I don't want you to be caught with your pants down. That's all. You must be prepared to receive a call from the Ministerio del Interno. Agent, please get moving! Grazie!”
      I hung up. On 15 March 2011 I prodded still again.
      I sent a memo to Dr Paolo Padoin, the prefetto di Firenze at the Prefettura di Firenze.
      I asked for a face-to-face meeting with him regarding something that might be considered important for him to know, and which concerned a possible threat to the national security of the Republic of Italy.
      I was called to the prefettura.
      Dr Padoin's right hand man, Dr Francesco Massidda, received me. I requested an appointment with Dr Padoin. Dr Massidda told me Dr Padoin was very busy these days, but I would be called as soon as an opening in his schedule appeared. I thanked him.
      I never heard another word from the Prefettura di Firenze.
      On 15 September 2011, I wrote to the office of the President of the European Commission, José Manuel Barroso, accusing Dr Padoin of obstructing justice.
      President Barroso's office never responded to my communication—naturally!
      I tried my best and I am sure I succeeded in making the Italian authorities tow the line. (I sleep exceptionally well at night, too!)
      Denis Verdini put the finger on Silvio Berlusconi to save his own skin. Quod erat demonstrandum: DV is still a “free” man today waiting for the beginnings of his trials which, in Italy, might start when he is dead. If you doubt that the Italian judiciary system is Kafkaesquely slow, just ask Amanda Knox! Worse, DV goes to bed every night thinking he might wake up in the morning with the head of a dead Tuscan wild boar on the pillow next to his. You never see him anymore on television—especially in the company of Silvio Berlusconi!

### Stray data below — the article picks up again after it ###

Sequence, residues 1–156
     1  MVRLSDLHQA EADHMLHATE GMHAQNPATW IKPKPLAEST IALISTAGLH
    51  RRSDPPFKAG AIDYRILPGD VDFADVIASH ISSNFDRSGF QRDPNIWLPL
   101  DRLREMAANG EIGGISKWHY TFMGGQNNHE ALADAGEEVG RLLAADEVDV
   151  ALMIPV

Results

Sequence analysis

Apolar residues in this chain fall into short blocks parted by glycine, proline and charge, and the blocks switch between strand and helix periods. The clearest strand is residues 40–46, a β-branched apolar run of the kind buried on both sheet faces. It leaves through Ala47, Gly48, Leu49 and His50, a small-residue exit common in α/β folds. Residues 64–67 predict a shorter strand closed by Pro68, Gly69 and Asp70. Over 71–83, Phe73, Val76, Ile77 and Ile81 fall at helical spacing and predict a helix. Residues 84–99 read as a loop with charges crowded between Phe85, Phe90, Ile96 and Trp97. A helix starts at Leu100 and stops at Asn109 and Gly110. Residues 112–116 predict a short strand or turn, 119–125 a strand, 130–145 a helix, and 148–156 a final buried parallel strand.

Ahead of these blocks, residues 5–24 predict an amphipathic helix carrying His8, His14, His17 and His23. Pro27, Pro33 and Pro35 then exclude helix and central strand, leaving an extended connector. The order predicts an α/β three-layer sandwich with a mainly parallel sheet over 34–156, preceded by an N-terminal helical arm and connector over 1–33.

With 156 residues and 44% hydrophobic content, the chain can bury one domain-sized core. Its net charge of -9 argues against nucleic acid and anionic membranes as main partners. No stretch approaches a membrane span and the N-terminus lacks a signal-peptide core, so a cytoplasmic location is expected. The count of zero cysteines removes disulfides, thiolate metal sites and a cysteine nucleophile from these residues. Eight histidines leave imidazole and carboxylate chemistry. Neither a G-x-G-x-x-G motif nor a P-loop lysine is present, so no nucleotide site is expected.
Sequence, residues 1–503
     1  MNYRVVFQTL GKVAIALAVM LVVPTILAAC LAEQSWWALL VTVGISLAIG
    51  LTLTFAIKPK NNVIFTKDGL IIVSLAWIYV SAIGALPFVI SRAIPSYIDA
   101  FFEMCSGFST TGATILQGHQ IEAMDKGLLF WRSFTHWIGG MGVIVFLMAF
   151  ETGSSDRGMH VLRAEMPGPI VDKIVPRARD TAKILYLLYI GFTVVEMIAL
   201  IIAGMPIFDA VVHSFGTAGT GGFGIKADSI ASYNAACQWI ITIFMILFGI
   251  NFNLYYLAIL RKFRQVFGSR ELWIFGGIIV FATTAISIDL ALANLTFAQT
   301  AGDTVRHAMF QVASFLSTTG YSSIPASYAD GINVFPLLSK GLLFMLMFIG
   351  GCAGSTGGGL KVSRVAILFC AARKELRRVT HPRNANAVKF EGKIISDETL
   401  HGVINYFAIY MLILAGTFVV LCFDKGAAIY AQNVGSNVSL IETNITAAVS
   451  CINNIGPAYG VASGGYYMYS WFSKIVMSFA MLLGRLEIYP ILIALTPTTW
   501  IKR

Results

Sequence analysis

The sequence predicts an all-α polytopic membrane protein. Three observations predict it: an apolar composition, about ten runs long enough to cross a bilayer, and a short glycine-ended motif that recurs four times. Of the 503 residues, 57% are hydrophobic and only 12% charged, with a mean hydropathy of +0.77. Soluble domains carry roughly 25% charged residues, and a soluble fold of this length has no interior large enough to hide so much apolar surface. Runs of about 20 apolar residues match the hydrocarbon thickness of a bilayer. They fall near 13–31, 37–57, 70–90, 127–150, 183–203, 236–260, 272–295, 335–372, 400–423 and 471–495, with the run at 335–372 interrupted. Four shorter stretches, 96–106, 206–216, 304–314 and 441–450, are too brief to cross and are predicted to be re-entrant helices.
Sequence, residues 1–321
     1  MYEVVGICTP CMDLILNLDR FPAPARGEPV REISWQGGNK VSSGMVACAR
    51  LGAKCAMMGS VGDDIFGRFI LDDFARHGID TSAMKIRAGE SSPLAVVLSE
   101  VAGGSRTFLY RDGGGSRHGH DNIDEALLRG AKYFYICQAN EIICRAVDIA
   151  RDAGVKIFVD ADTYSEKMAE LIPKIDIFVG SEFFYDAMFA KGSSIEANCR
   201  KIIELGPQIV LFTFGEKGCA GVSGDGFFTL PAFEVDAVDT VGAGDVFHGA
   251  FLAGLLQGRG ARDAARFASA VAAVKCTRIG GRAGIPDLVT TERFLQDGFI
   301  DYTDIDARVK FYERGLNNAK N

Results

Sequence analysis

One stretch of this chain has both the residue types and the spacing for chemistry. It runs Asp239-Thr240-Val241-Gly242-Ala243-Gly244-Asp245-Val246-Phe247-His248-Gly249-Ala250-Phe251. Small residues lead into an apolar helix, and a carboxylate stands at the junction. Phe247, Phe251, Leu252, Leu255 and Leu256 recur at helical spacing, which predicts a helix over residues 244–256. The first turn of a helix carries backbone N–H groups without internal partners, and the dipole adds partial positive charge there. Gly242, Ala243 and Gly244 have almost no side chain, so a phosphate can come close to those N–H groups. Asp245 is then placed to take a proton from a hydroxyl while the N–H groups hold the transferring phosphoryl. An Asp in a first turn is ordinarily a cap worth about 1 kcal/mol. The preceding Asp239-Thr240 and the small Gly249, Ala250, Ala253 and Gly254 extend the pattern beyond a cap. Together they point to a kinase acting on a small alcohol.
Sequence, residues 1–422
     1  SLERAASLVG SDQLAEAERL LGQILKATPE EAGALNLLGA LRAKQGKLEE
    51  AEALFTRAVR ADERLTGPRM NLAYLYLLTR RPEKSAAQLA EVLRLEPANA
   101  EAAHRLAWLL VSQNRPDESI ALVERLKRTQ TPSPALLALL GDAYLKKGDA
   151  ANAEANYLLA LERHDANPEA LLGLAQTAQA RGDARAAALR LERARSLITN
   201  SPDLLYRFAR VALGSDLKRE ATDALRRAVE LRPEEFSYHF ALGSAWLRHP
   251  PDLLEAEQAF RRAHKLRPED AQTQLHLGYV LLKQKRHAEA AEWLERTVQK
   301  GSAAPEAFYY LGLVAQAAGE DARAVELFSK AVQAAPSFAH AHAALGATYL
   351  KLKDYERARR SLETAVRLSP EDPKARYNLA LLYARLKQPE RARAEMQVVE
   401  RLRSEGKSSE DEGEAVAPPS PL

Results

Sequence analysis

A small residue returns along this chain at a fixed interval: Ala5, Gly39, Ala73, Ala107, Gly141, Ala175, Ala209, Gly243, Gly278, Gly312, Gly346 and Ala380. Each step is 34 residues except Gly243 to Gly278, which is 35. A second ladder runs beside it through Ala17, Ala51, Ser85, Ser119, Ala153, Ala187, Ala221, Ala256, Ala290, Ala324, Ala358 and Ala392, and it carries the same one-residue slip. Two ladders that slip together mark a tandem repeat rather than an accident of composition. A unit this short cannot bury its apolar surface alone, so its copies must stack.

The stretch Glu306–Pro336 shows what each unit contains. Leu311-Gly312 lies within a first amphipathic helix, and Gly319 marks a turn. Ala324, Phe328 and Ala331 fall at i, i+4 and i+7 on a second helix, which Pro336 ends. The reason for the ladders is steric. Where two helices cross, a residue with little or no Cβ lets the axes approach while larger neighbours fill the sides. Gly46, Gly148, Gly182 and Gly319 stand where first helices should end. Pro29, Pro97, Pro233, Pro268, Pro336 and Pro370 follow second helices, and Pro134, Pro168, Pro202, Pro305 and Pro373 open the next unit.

As in all fascistic regimes, Italian law is above the law! It is arbitrary and effectuated when it suits the authorities and not the people those would-be trusted officials are supposed to represent.
      Italy is in via d'estinzione, n'est pas?

      Authored by Anthony St. John
      15 April MMXII
      Calenzano, Italy

      * * *

    3. CommentedPaul I

      The Republic of Moldova was not separated in the 1940’s from Ukraine. It was a province of Romania that in 1940 was occupied by the Soviet Union as a result of the Molotov–Ribbentrop Pact. It was later occupied again by the USSR in 1944 after Romania managed to gain it back in 1941.

    4. Portrait of Michael Heller

      CommentedMichael Heller

      Harold James:

      This kind of structural history is much more convincing that cultural explanations of vague differences in moralities. But I’m still puzzled. Does the fact that France takes for granted the stability given historically by its centralized system make it unable to appreciate the same benefits at a European level? It would lose power which may be more important to its self-esteem because of its centralized polity? It knows it would be the ideological loser since a centralized law-bound European order would likely move in the direction of laissez faire capitalism?

      The ongoing fragmentation of the UK is such a pointless petty wasteful exercise. It perhaps may be implied by what you say that Germany’s political elites (like the US founding fathers) know better than most why fragmentation is a cul-de-sac without endings, and -- even more importantly -- why the formal structure, procedures, and fiscal nature of the whole must be got right at the outset (the outset being the present revelatory crisis).

      I like this: “While adopting a new treaty may look like an unwieldy process... it is the only way to generate legitimacy for the institutions that are needed to address that crisis – in particular to provide reassurance that transfers will not be indefinite and unlimited”.

      Whatever the reason, among the players with power to shape Europe’s destiny Germany seems to be the decisive country that ‘gets it’ and France the decisive country that does not ‘get it’.